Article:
“It was from a source that had proven itself reliable in the Simpson case, and I’d be doing my readers a disservice if I didn’t mention it,” Margolick told themedia critic for the Washington Post. “We can all pretend this publication doesn’t exist and isn’t beating us, but that’s not doing anybody any favors.”


During the trial, Margolick worked 10 miles east of the Enquirer bureau, in a huge concrete waffle Downtown on Temple Street that houses the county’s criminal courts building.

There on the 12th floor, an overflow crowd of daily reporters spent month after month crammed into a narrow, windowless pressroom. If the Enquirer traded in information usually relegated to gossip, the focus there was on the slim portion of truth that becomes testimony.

One June day, Brenda Vemich of Bloomingdale’s was testifying about the unusual stitching on Aris Light gloves on the television monitor overhead. The predominant sound in the room was the clattering of laptops as 12 separate pairs of hands took down Vemich’s words for newspapers like the Washington Post, the San Diego Union, La Opinion and the New York Daily News.


I looked around. To some reporters, the Enquirer was still an irritant and a running joke. Veteran Associated Press court reporter Linda Deutsch had threatened to remove her byline when an editor ventured to insert a report gleaned from the tabloid into one of her stories. Free-lance writer Joe Bosco had taken to the soft-porn pages of Penthouse magazine to express his moral outrage over being offered money by an Enquirer reporter for tips. And Marcia Clark had called defense witness Rosa Lopez so unreliable that “even the National Enquirer” wouldn’t buy her story.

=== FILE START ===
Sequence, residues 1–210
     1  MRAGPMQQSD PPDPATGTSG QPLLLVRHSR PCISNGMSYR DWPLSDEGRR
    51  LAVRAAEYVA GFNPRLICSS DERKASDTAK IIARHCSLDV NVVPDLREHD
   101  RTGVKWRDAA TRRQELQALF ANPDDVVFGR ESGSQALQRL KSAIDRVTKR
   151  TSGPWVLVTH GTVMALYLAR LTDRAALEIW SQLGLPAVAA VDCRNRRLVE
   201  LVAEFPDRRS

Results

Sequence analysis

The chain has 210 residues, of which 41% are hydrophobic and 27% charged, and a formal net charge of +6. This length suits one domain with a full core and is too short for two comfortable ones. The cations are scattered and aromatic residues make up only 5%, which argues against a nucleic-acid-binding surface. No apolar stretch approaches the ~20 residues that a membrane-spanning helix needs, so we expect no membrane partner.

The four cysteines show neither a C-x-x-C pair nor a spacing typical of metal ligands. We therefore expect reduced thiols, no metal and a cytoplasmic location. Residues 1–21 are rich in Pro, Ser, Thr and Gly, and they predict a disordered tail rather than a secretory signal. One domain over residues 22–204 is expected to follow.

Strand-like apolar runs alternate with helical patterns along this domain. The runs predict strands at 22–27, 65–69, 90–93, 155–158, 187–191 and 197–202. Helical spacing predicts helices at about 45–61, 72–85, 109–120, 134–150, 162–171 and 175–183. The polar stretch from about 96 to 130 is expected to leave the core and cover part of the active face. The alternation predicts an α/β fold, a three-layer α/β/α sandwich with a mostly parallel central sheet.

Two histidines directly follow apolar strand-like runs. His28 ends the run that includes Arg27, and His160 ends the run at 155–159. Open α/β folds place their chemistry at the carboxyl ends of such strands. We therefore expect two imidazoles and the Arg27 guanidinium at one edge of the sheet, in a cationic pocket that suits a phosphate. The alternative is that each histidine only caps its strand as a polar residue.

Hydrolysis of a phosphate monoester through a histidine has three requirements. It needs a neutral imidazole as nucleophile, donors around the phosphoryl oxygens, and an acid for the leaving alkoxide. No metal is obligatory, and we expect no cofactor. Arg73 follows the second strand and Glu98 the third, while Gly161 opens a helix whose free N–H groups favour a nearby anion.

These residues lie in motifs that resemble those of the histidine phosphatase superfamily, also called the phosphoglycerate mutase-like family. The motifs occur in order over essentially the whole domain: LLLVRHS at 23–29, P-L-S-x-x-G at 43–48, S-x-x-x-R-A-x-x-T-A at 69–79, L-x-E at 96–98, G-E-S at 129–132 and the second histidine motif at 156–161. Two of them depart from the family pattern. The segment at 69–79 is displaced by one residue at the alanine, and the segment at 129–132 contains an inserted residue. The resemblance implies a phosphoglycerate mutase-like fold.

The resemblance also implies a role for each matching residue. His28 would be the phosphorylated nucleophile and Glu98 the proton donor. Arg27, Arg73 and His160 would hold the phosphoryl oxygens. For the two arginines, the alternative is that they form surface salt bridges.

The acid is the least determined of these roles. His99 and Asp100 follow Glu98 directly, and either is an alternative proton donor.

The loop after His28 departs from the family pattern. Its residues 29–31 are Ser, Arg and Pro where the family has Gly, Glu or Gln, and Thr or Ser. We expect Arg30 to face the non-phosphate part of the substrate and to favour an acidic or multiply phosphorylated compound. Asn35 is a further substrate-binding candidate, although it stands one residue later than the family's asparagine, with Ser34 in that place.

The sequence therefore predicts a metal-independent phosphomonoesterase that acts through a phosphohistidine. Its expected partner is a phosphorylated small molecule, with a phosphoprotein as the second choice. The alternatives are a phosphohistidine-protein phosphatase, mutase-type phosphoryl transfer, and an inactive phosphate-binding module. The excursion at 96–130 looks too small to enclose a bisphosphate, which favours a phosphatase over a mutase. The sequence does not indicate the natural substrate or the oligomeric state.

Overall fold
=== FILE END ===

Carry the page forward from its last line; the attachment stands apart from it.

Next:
But the reporters in the room had their own limitations. They were handcuffed todaily minutiae--DNA alleles, glove shrinkage, the red herring of Mark Fuhrman’s racism and the judicial game of fox-and-hounds. Meanwhile, the morally blind machinery of mass attention ground on, obliterating distinctions between accomplishment and murder, notoriety and fame. The deaths of a once-unknown Brentwood waiter and housewife inevitably slipped from the mind. Mentioning them seemed almost sentimental.

It was a scene that eventually troubled Toobin. In the Oct. 23 New Yorker, he wrote: “When it came to actual reporting on the trial, we all turned into a remarkably timorous crew. As far as I could tell, no one ever worried that their treatment of the defense was unduly favorable. The case against Simpson was simply overwhelming. When we said otherwise, we lied to the audience that trusted us.”

That charge could never be laid at the Enquirer’s feet. It wasn’t the Enquirer but Toobin who floated several highly speculative defense theories never supported by facts--like the charge that Fuhrman planted a bloody glove on Simpson’s estate or that the murders were a Colombian drug hit intended for Nicole’s friend Faye Resnick.

The Enquirer never mistakenly said that a bloody ski mask had been found at the murder scene, as did the L.A. Daily News, or that Clark had been seen at the Simpson estate before a search warrant was issued, as did KCBS-TV.

And as the the line between tabloid sensationalism and mainstream journalistic ethics all but disappeared, the Enquirer filled another role. It never lost sight of the victims. Their images remained as vivid as the day they died through almost weekly photographs of Nicole and her children at family holidays, or of the Brown or Goldman families grieving at their gravesides. ( O.J.’s Lonely Kids Throw Birthday Party for Mommy. Dramatic Graveside Photos: Nicole’s Sister Prays for Justice. The day Ron Goldman saved his sister’s life: Secret pact with b rother is driving force behind her court vigil. )

“The tabloids keep the victims alive,” said Dominick Dunne, Vanity Fair trial correspondent, at lunch the day after defense attorney F. Lee Bailey made the absurd suggestion that two sophisticated assassins may well have worn identical pairs of rare Size 12 Bruno-Magli shoes to confuse police. “That’s why we’re here,” said Dunne, whose own daughter was murdered in Los Angeles in 1982. He hit the table with his fingers as he whispered: “Because of the victims.”